So why Brighton Avenue School was Brighton Avenue, rather than say Brighton Road, was one of those little personal mysteries we all have scattered in out lives. Things we’d sort of like to know, and occasionally remember to ask about, but never get round to properly researching when Google fails to shed instant light. Except it’s not a mystery any more (as you may have guessed from there being a blog post about it). One of my obsessions (on a level to neatly match little personal mysteries) is with maps, modern and old. Hence I bought a handful of old map reprints for my enjoyment (may I recommend the service of Alan Godfrey Maps while I’m at it). One of those was the 1894 OS map of south Gateshead (actually, the second edition of 1897). I can only presume I’ve never seen this before because right there is clearly marked Brighton Avenue (the highlighting in that scanned section is obviously mine). Today it would be, and is, called Brighton Road and indeed runs by the school. Everybody seems to have forgotten that it was originally Avenue. I have no idea when that changed, though I do have a 1930-something map with Brighton Road marked, so it must have been in those 40 years or so. Of course this had always been a strong candidate for an explanation, and wasn’t that uncommon (the Rawling Street shown a little further south on that section is now also a road for example) but it’s nice to finally know.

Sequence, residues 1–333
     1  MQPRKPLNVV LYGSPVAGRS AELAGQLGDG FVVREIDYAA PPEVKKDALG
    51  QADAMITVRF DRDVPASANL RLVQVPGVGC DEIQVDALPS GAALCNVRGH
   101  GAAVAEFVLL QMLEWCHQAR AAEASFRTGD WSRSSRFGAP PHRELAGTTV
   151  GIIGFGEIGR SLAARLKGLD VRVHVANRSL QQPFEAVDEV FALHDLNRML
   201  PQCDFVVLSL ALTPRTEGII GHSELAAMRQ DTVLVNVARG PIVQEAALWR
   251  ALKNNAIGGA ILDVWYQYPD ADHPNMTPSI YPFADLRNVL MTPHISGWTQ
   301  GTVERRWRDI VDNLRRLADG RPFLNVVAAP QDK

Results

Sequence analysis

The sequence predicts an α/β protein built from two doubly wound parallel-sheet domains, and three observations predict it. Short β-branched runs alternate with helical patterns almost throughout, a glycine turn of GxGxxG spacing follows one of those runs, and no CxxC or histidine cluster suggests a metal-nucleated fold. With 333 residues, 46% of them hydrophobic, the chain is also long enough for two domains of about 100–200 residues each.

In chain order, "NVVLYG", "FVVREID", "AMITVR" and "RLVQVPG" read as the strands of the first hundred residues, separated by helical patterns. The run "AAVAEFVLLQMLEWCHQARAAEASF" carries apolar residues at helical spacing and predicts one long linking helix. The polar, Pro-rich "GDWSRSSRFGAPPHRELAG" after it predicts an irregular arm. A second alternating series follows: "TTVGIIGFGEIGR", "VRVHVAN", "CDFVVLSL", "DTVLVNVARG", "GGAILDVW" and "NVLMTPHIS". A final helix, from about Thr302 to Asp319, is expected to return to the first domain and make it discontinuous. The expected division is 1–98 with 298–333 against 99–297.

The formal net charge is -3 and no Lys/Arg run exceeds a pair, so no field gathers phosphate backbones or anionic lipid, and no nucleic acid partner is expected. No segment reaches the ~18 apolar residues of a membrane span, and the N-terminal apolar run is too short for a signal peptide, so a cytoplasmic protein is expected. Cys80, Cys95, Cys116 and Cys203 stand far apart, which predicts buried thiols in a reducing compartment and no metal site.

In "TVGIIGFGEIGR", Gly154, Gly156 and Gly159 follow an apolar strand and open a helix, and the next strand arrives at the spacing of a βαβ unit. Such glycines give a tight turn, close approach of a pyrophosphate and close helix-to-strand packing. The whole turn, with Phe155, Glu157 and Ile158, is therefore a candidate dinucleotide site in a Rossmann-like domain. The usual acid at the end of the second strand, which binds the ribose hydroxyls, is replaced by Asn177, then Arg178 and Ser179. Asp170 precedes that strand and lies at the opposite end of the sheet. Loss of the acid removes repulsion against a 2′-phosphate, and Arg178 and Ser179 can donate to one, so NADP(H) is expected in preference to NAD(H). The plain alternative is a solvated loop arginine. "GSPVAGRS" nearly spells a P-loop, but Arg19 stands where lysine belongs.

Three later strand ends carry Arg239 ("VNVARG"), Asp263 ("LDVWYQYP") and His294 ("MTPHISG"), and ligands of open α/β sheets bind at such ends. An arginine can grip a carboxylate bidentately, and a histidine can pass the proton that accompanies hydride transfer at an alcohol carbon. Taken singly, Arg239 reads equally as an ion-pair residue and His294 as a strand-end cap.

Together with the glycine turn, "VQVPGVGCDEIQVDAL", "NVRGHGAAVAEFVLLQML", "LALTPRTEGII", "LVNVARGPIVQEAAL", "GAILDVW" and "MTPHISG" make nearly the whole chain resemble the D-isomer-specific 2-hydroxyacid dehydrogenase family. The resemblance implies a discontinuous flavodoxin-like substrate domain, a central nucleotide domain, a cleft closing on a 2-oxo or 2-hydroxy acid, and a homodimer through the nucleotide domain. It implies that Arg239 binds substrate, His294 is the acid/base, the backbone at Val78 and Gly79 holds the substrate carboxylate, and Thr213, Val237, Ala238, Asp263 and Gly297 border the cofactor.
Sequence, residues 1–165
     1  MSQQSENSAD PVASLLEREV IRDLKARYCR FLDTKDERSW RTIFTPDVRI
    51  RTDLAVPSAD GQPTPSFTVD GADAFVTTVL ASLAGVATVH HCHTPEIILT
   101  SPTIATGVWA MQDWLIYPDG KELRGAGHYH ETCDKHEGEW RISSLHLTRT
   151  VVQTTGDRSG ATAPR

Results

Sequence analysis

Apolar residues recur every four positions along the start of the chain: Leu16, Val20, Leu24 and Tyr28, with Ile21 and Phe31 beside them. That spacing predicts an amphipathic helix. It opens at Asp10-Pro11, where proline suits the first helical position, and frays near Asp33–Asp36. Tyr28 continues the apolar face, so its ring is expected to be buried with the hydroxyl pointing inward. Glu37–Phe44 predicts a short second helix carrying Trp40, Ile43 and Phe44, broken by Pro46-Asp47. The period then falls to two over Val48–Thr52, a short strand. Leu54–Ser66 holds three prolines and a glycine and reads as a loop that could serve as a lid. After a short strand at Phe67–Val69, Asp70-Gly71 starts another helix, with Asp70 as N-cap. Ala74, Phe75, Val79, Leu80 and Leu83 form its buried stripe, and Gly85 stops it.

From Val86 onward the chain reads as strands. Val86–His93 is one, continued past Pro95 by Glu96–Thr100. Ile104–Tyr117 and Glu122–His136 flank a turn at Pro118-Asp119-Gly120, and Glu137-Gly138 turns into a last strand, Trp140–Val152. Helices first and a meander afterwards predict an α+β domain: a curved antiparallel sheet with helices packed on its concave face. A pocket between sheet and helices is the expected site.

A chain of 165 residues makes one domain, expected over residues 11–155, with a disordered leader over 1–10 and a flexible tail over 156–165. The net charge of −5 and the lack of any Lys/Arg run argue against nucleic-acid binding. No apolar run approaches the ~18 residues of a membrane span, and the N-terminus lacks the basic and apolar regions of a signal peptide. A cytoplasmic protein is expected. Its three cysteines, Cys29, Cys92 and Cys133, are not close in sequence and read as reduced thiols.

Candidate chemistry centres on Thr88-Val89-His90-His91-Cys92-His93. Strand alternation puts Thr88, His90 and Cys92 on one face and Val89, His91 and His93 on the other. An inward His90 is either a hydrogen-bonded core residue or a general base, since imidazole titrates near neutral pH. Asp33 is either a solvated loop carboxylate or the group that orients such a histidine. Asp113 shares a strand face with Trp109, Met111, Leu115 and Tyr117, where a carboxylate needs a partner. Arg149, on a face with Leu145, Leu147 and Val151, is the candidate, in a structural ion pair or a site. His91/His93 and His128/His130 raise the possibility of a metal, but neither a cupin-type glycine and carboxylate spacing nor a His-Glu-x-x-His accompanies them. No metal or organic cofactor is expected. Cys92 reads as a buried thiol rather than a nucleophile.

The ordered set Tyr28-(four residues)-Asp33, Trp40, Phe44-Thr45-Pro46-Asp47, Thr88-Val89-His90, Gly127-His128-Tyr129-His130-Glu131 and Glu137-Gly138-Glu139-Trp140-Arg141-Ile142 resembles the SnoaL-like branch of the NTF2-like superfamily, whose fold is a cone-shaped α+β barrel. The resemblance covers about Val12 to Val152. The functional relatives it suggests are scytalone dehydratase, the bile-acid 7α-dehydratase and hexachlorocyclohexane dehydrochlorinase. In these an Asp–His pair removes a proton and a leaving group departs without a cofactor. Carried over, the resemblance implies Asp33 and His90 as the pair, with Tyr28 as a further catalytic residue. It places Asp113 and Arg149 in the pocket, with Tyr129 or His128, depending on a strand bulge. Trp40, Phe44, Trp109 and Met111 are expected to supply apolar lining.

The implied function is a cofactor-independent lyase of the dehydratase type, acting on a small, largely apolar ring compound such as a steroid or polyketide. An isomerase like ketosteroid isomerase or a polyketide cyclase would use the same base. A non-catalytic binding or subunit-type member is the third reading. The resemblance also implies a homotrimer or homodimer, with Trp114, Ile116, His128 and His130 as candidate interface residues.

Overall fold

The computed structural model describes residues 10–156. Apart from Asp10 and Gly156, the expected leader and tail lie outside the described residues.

Back when I was younger than I am now, I attended school. Big shock. More to the point, I attended Brighton Avenue School. That’s not particularly strange either; it was the local school after all, which I could see (before they pulled the old buildings down) from my house. What was a little strange, and never explained by any of the people I’d casually thought to ask over the years, was why it was Brighton Avenue. If you take a look at the school’s location, you’ll find a distinct lack of Brighton Avenue (I should point out that I went to school I went to the lovely original buildings which stood where the playing fields now are. The modern buildings were opened just after I left and were built on what had been waste ground but before that held more housing. I’ve always had it on very good authority that what stood there wasn’t a Brighton Avenue though—incidentally, the street which was there, Ravensworth Terrace, actually still exists, transported brick by brick to Beamish Museum).
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